LINCOLN — Gov. Pete Ricketts on Friday criticized a group of 20 state senators who either voted “no” or sat out a vote on a bill to limit the growth in property taxes.
Ricketts, who had called for a 3% limit on property tax increases by local schools, cities, counties and other local governments, said the senators “voted against property tax relief.”
“They are the roadblock that stands between getting the people of Nebraska the property tax relief they desperately need,” Ricketts said in a press release.
Thursday night, state legislators failed to muster the 33 votes necessary to halt a filibuster and advance Legislative Bill 408, a proposal to limit increases in local property taxes to 3% a year, plus any growth in property valuations. Backers of LB 408 said that meant it could actually be a 4% limit in most districts, or 6% or more in areas with high growth.
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The bill died despite last-minute offers to severely amend the bill, by removing schools, cities and counties from the affected local governments, or exempting the state’s three largest counties.
Eight senators voted against the cloture motion to end the filibuster and 11 senators sat out the vote, by registering as “present but not voting.” One lawmaker, Sen. Lynne Walz of Fremont, was absent for the vote.
U.S. Sen. Deb Fischer, R-Neb., criticized the 11 senators who sat out the vote, according to the Lincoln Journal Star.
Fischer, a former state senator, said that when she was in the Legislature, “we stood up and we took a stand.”
“We voted. We did not pass on votes. We were accountable to our constituents,” she said.
“We didn’t hide behind this seemingly now acceptable practice of ‘present, not voting.’
“Now, with this practice, the Unicameral has become less transparent and less accountable,” Fischer said.
One of those who were “present but not voting,” Lincoln Sen. Patty Pansing Brooks, disagreed Friday with Fischer’s characterization, saying it was just a “softer” and “kinder way” of voting no.
During debate on LB 408, Pansing Brooks made it clear that she didn’t support the bill, saying it didn’t solve Nebraska’s problem with high property taxes and that she was a longtime supporter of public schools in Lincoln.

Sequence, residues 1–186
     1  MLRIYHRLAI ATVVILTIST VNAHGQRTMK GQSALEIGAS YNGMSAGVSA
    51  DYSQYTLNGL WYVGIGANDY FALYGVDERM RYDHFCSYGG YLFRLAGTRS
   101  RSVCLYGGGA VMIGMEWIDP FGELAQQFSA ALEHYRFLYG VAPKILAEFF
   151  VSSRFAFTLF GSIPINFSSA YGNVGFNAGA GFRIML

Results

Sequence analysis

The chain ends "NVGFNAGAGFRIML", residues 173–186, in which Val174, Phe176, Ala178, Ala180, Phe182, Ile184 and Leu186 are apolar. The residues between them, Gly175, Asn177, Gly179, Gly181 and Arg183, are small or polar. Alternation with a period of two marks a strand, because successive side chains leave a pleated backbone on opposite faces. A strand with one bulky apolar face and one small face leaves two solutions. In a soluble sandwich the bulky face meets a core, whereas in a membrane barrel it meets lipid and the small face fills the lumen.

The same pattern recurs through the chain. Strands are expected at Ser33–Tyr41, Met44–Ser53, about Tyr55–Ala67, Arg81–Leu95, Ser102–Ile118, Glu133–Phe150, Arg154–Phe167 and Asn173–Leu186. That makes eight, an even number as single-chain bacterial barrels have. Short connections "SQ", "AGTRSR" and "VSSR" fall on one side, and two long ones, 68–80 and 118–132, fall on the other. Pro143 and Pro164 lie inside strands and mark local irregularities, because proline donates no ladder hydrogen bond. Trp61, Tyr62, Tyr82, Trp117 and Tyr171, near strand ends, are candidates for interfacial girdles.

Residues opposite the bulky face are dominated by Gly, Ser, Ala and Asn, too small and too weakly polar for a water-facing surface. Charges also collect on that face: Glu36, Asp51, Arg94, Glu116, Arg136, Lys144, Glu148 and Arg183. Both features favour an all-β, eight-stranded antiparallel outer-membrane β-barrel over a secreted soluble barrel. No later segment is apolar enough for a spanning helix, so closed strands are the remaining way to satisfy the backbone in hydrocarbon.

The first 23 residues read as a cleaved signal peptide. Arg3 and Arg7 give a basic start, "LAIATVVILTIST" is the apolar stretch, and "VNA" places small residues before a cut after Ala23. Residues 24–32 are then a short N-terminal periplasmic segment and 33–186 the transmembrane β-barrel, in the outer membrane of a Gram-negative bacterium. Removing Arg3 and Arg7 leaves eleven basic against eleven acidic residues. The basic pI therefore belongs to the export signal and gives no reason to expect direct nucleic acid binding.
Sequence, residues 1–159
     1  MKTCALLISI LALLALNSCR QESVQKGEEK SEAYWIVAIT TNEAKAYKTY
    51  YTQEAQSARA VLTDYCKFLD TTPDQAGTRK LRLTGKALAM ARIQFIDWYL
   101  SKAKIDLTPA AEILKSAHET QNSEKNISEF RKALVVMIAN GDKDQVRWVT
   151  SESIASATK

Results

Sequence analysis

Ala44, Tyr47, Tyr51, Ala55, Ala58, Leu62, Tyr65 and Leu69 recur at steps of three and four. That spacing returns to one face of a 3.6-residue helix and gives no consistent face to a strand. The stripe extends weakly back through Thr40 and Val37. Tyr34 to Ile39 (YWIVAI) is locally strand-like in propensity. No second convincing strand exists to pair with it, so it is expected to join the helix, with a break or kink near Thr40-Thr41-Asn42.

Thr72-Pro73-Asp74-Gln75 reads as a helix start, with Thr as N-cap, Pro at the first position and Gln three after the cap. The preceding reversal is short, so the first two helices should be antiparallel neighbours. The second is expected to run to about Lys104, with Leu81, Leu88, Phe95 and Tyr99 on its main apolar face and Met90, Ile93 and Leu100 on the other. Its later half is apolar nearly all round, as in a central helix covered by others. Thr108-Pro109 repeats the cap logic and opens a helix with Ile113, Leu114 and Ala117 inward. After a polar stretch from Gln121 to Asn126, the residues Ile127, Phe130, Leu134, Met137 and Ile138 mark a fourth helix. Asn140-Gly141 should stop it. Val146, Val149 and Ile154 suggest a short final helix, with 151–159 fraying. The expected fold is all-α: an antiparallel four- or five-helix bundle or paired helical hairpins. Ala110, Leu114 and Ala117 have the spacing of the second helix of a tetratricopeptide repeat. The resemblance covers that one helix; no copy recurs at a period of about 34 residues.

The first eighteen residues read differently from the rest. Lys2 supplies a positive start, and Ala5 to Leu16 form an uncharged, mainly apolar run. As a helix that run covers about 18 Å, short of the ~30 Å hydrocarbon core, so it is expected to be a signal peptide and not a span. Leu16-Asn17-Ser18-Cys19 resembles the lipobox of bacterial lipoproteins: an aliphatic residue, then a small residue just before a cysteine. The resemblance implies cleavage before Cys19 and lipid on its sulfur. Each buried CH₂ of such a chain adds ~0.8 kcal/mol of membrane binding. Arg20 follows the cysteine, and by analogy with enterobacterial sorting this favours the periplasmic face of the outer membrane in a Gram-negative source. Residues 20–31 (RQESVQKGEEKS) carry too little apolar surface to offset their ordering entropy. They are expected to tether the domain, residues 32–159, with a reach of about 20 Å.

Ricketts, as well as the sponsor of LB 408, Albion Sen. Tom Briese, said the bill’s rejection makes it more likely that a citizen-led petition drive will be launched, putting before voters a more onerous restriction on tax or spending increases.
At the beginning of the 2021 session, Ricketts had called on state legislators to approve a proposed constitutional amendment that would limit property tax increases to 3% a year. Such a proposal would have required voter approval. But lawmakers opted to advance LB 408, which they reasoned might get more support, and could be more easily amended in case a lid needed to be adjusted.
Opponents of LB 408 argued that local officials are best suited to decide how to run local schools, cities and counties — not state legislators — and that spending wasn’t out of control. Briese and others pointed to statistics that show increases in property taxes in recent years have outpaced inflation and growth in wages, and that LB 408 contained exceptions to allow justified tax increases.
Sen. Lou Ann Linehan of Elkhorn said Friday that even if the bill had been amended to exclude schools, cities and counties from the tax lid — applying to community colleges, natural resources districts and other smaller taxing entities — the measure would have meant progress in avoiding large tax increases, and could have eventually led to expanding the lid.
How they voted on LB 408:
Yes (29) — Aguilar, Albrecht, Arch, Bostelman, Brandt, Brewer, Briese, Clements, Dorn, Erdman, Flood, Friesen, Geist, Gragert, Groene, Halloran, B. Hansen, Hilgers, Hughes, Lindstrom, Linehan, Lowe, McDonnell, Moser, Murman, Sanders, Slama, Vargas, Wayne
No (8) — Blood, J. Cavanaugh, M. Cavanaugh, DeBoer, M. Hansen, Hunt, McKinney, Morfeld
Present but not voting (11) — Bostar, Day, Hilkemann, Kolterman, Lathrop, McCollister, Pahls, Pansing-Brooks, Stinner, Williams, Wishart
Excused (1) — Walz